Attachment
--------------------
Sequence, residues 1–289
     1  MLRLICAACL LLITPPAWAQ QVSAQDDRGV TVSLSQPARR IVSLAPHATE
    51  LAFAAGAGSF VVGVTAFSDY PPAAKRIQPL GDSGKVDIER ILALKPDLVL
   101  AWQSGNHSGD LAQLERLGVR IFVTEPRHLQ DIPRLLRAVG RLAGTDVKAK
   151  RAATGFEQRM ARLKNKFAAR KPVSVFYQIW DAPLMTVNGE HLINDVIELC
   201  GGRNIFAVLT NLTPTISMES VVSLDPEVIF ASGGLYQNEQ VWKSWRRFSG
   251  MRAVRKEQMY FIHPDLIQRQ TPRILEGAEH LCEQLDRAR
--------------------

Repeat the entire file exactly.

Sequence, residues 1–289
     1  MLRLICAACL LLITPPAWAQ QVSAQDDRGV TVSLSQPARR IVSLAPHATE
    51  LAFAAGAGSF VVGVTAFSDY PPAAKRIQPL GDSGKVDIER ILALKPDLVL
   101  AWQSGNHSGD LAQLERLGVR IFVTEPRHLQ DIPRLLRAVG RLAGTDVKAK
   151  RAATGFEQRM ARLKNKFAAR KPVSVFYQIW DAPLMTVNGE HLINDVIELC
   201  GGRNIFAVLT NLTPTISMES VVSLDPEVIF ASGGLYQNEQ VWKSWRRFSG
   251  MRAVRKEQMY FIHPDLIQRQ TPRILEGAEH LCEQLDRAR